International Olympic Committee President Thomas Bach laid out his case for the international sports movement to continue its stance against Russian and Belarussian influence in sports in the wake of Russia’s invasion of the Ukraine, saying at the Association of National Olympic Committees General Assembly to “keep following the sanctions and protective measures,” that have been in place since the spring.
“Do not do less, because doing less means you divide the Olympic movement,” Bach told delegates at ANOC of the IOC’s current stance. “Do not do more, because doing more means you divide the Olympic movement,” while also in his speech admitting the current situation is an “unsolvable dilemma.”
Bach said in September that Russian athletes who do not endorse their country’s war in Ukraine could be accepted back into international sports, a potential opening to the IOC’s current ban of Russian athletes and teams from international competition within days of the country’s invasion of Ukraine.
The future includes qualifying events for the 2024 Olympic and Paralympic Summer Games in Paris. With Russians starting to miss events that feed into qualifying for the 2024 Paris Olympics, an exile extending into next year could effectively become a wider ban from those Games. U.S. Olympic and Paralympic Committee Chair Susanne Lyons earlier in September said the IOC is discussing “whether there is a pathway” for the return of Russian and Belarussian athletes to competition.
Some international federations are already defying the IOC’s stance. The International Boxing Association, whose Russian president recently overcame a challenge to his position, announced all Russian and Belarusian athletes will be allowed to compete and have their respective flags shown and anthems played at competition.
In announcing its decision, the IBA said it “strongly believes that politics shouldn’t have any influence on sports. Hence, all athletes should be given equal conditions,” a not-so-subtle challenge to the IOC’s traditionally apolitical stances and is the latest in a series of conflicts between the IOC and the federation, which has seen the sport’s Olympic standing in serious doubt.
Bach said Russia’s recent escalation “deepened its violation of the Olympic Charter” and warned it showed that “the sanctions against the Russian and Belarusian states and governments must and will remain firmly in place.” Bach also tried to subtly respond to the IBA in explaining why the IOC took the stance it did in the spring.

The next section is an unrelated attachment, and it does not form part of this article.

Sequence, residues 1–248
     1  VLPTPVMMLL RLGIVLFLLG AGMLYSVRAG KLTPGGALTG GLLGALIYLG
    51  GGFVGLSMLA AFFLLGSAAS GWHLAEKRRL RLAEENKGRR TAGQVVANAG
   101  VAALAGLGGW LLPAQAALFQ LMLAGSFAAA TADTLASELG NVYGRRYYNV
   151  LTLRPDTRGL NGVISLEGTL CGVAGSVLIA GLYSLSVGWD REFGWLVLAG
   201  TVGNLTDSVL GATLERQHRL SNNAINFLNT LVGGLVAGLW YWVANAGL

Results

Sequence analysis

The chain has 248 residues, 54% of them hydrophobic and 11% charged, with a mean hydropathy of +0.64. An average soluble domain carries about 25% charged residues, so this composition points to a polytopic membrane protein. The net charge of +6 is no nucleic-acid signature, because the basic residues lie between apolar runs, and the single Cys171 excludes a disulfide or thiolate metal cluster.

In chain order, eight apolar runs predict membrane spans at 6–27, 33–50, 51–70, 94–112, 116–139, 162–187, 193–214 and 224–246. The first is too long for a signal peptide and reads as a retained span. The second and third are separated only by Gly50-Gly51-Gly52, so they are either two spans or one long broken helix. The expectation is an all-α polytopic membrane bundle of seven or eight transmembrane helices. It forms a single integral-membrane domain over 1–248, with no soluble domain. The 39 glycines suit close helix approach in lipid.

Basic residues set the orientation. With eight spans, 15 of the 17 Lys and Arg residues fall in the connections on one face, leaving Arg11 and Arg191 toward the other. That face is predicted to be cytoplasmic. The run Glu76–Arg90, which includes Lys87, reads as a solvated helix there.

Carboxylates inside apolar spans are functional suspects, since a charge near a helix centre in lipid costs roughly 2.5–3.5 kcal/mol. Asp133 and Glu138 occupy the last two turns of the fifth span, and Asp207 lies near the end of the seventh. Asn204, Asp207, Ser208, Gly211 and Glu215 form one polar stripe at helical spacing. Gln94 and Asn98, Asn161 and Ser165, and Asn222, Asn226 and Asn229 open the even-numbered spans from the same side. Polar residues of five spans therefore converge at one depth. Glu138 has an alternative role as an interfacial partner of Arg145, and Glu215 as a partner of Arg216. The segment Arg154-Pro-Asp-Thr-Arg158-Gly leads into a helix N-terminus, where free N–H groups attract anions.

“We did so with a very heavy heart because they concern athletes and sports officials who did not start this war, who are not responsible for this war,” Bach said. “Athletes should never be the victims of policies of their own government. This situation puts us in an unsolvable dilemma. On the one hand, we cannot fully live up to our Olympic mission, which is to protect the athletes and to unite the entire world in peaceful competition. We all had always agreed and insisted on this principle in the past when athletes from one or the other country refused to compete against athletes from another country for political reasons. We have insisted on this principle because we all agreed that such a unifying peaceful competition is at the core of our mission. Now, unfortunately, in this unique situation, the only way to protect this mission was to recommend the non-participation of athletes just because of their passport.”
Bach’s speech at ANOC comes as South Korea is reportedly considering a potential bid for the 2036 Games with Seoul and Busan being considered as candidate cities. Seoul hosted the 1988 Games and Busan has hosted the 2002 Asian Games. South Korea has hosted the Winter Games in 2018 in Pyeongchang; a potential joint bid between South and North Korea for the 2032 Games was unsuccessful as the IOC awarded the event to Brisbane, Australia.
Bach also spoke about sustainability for the future of the Olympic movement, urging NOCs to undergo a full review of events and consider whether the current economic and environmental situations allow all events in the future to continue.
“Review now all your planned activities and decide whether every event, every competition, every meeting is really necessary given the precarious situation the world economy is and will be facing,” said Bach. “Such a review of our actions is prudent not only from a financial perspective. In our interconnected world, we are also facing interconnected challenges. The climate crisis is one such urgent global challenge. … I can only urge all of you to do the same: review all your sport events, your competitions, meetings and all your activities not only from a financial perspective but also with the aim to reduce your, to reduce our collective carbon footprint.”